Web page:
What exactly is virtualization and why is there so much buzz about it these days? Virtualization can occur in many forms, but most initially think of using virtualization to consolidate servers into a single hardware platform. Essentially, you can run multiple servers on a single piece of hardware, where each “server” has its own memory “footprint” within the host machine. Servers are the most common devices when firms embark down the virtualization path. There are many other forms of virtualization such as desktop, network and storage virtualization. Desktop virtualizations occur in the larger firms all the way down to solos. . . . [more]
Archive for the ‘Legal Technology’ Columns
A favourite quote of mine is by Fred Bartlit at the 1994 ABA Techshow
We experiment with software. We buy, we try, we fail. The key to making it all pay off is in the re-engineering process — that is starting off with a blank slate and working from there.
With evaluation periods becoming commonplace, maybe Fred would now say, “we try, we buy, we fail”. Regardless, desktop and smartphone apps are now so abundant and relatively inexpensive that it is all too easy to head down a path of dependance on a program without realising it.
While your main . . . [more]
The term “brick” in computer parlance means to turn an otherwise usable computer into a useless piece of silicon and plastic. As a careful lawyer, you are already planning for disaster by performing regular backups, protecting your online and personal computer accounts with strong passwords, and so on. There are places in where your law practice software and hardware overlaps with your meatspace, where you become the cause of your law practice becoming a brick.
I liked how a panel on business continuity at the recent Law Society Solo and Small Firm Conference emphasized the mundane over the . . . [more]
Last August I reviewed basic principles of authentication, in general and as applied to electronic documents. In that context I mentioned The Hague Convention of 1961 Abolishing the Requirement of Legalisation for Foreign Public Documents, known as the Legalization Convention or the Apostille Convention. Since Canada is considering acceding to this Convention, this column will review some of the issues involved in that process and in particular the technological frontiers of authentication that The Hague Conference on Private International Law is exploring with respect to electronic apostilles.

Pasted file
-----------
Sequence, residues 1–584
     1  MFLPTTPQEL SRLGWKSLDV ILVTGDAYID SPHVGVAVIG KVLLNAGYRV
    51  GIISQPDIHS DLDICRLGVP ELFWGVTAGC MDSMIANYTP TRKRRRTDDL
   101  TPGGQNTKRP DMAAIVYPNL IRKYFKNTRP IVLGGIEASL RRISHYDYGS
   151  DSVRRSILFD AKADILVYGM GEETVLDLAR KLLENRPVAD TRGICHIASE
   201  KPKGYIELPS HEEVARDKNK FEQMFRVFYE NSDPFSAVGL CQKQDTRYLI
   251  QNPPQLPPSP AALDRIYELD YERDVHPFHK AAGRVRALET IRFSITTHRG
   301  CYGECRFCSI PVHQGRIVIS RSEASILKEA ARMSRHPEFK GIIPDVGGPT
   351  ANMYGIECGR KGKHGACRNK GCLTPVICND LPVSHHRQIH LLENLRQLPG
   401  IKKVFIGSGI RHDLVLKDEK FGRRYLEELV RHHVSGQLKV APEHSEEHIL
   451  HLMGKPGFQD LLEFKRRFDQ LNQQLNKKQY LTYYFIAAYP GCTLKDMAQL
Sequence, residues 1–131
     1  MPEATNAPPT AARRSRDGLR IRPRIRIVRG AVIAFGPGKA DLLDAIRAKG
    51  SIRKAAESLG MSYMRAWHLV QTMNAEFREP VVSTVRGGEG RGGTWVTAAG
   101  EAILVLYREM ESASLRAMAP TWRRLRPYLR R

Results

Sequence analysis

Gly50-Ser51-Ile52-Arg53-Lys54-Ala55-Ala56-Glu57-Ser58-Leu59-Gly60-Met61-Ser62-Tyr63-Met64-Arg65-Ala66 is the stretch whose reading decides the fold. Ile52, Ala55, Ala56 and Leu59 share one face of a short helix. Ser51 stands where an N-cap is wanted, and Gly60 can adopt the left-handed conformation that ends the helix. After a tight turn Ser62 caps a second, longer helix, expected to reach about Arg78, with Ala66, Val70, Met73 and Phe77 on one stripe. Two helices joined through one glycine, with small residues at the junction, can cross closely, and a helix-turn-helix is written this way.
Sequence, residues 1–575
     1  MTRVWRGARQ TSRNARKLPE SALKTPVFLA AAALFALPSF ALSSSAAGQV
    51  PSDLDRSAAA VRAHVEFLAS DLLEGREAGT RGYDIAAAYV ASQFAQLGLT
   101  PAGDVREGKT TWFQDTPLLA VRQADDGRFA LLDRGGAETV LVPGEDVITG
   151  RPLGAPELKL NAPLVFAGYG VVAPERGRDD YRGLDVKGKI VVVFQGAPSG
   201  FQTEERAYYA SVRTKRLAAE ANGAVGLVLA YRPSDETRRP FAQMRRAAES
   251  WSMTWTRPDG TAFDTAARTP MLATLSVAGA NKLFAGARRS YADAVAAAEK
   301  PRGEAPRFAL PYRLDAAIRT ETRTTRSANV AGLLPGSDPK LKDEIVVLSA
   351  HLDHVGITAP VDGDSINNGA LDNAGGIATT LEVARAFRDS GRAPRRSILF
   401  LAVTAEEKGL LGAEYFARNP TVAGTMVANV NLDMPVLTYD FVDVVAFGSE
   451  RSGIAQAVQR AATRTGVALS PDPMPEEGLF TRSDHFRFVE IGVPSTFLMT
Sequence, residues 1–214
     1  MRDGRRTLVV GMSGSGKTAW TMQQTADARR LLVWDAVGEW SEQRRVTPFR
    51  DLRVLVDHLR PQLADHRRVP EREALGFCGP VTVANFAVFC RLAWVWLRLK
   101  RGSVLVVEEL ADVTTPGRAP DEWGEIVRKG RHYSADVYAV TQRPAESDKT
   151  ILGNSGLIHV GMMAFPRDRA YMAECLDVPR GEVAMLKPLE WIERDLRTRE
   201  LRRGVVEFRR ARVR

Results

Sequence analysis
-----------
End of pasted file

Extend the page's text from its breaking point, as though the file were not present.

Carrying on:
What is at stake in this discussion is the authentication of public . . . [more]
We IT consultants are sort of a mystical bunch. People don’t seem to really understand what we do or how and in many cases we get called when people are desperate because all else has failed. Not many people call me when everything is working great. I want to take this opportunity to clear up three misconceptions people have about working with consultants:
1. We usually don’t need your passwords…and just as often don’t want them.
It amazes me how often I’ll show up at a site and the client will just hand me a sheet listing everybody’s account name . . . [more]
There was a time when many lawyers, settled in their ways, thought that they could ignore alternative fee arrangements. That day is clearly gone. The 2010 Fulbright Litigation Trends Survey announced that 51% of the corporate counsel responding to the survey were using some form of alternative fee arrangements.
Why? They cite lower costs first, then predictability, and then risk sharing. So what kind of AFAs do they favor? It’s a very mixed bag with fixed fees, conditional or contingent fees, blended rates, capped fees and performance/reward-based fees. Clearly, there is a lot of exploration going on and a lot . . . [more]